[ Software Research Lunch ]

The Stanford Software Research Lunch is a weekly event on Friday where students and researchers present their latest work to peers. Talks are open to anybody, but regular attendees are expected to give a presentation on their work.

Mailing list: software-research-lunch@lists.stanford.edu (subscribe via mailman)

Calendar: ical | Add to Google Calendar

Format: The lunch is held every week during fall, winter and spring quarter. The first week of every quarter is an organizational lunch where people can sign up to give a talk. If you'd like to give a talk, contact Stefan Heule.

Past quarters: Winter 2017, Fall 2016.

4/7: Organizational Lunch

Time: Friday, April 7, 2017, 12 noon - 1pm
Location: Gates 463a

Organizational lunch. Come enjoy food and sign up to give a talk during the quarter.

Food: Stefan

4/14: Developing Bug-Free Machine Learning Systems With Formal Mathematics

Time: Friday, April 14, 2017, 12 noon - 1pm
Location: Gates 463a

Speaker: Daniel Selsam

Abstract: Noisy data, non-convex objectives, model misspecification, and numerical instability can all cause undesired behaviors in machine learning systems. As a result, detecting actual implementation errors can be extremely difficult. We demonstrate a methodology based on an interactive proof assistant, in which one writes an implementation of a machine learning system along with a formal theorem stating that the implementation is correct. The process of proving this theorem interactively in the proof assistant exposes all implementation errors since any error in the program would cause the proof to fail. As a case study, we implement a new system, Certigrad, for optimizing over stochastic computation graphs and generate a machine-checkable proof that the gradients sampled by the system are unbiased estimates of the true mathematical gradients. We train a variational autoencoder using Certigrad and find that it is nearly as efficient as TensorFlow.

Food: Wonyeol

4/21: Cracking Multi-Language Transformations

Time: Friday, April 21, 2017, 12 noon - 1pm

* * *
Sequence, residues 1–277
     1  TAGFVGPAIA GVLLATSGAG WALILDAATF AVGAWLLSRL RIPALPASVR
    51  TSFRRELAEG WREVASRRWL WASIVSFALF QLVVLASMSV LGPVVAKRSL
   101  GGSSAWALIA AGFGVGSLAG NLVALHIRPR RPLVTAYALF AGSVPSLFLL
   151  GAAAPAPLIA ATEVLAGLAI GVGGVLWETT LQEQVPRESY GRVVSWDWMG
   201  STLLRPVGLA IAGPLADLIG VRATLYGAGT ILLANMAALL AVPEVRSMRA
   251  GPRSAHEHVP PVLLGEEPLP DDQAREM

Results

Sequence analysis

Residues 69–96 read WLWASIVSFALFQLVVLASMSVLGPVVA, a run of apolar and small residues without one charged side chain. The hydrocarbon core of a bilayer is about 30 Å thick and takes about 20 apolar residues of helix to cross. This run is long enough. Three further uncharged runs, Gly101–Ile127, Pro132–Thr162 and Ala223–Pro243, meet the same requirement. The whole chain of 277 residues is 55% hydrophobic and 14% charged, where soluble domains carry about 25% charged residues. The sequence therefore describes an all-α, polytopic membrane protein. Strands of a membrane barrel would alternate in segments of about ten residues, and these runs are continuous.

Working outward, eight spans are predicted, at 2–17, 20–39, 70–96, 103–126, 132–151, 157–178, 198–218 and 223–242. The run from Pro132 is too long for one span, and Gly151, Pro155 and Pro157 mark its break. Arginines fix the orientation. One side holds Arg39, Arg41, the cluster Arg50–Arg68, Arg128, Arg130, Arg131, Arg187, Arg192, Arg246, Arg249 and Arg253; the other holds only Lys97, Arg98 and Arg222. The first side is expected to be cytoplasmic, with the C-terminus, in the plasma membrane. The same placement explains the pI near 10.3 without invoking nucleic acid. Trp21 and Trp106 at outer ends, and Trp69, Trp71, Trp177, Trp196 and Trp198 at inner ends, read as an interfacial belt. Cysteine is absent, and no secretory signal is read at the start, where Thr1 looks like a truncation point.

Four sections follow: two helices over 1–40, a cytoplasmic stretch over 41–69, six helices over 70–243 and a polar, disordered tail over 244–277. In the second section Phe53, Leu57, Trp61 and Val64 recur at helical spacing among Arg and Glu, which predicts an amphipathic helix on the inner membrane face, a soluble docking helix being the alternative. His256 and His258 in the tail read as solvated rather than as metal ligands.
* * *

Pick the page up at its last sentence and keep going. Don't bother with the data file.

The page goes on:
Location: Gates 463a

Speaker: James Koppel

Abstract: Programming languages have many similarities, and so, when writing a source-to-source transformation on one language, it would be nice to reuse code from a similar transformation for a different language. This is a fundamentally difficult problem, and previous attempts have either resorted to reimplementing the same transformation for many languages, or at best reducing multiple languages to a common intermediate representations, which necessarily destroys information and produces poor source-to-source results.
We present a new representation for programs called *incremental parametric syntax*, and show how it enables us to construct source-to-source transformations so that we can implement them once, and run them on each of C, Java, JavaScript, Lua, and Python. Instead of constructing a common representation for the languages, incremental parametric syntax allows us to instead construct a family of representations sharing common components, each specialized to a single-language, and to semi-automatically generate them from existing syntax definitions. Our evaluation shows that (1) once a transformation is written, relatively little work is required to configure it for a new language (2) transformations built this way output readable code which preserve the structure of the original, according to participants in our human study, and (3) despite dealing with many languages, our transformations can still handle language corner-cases, and pass 90% of compiler test suites.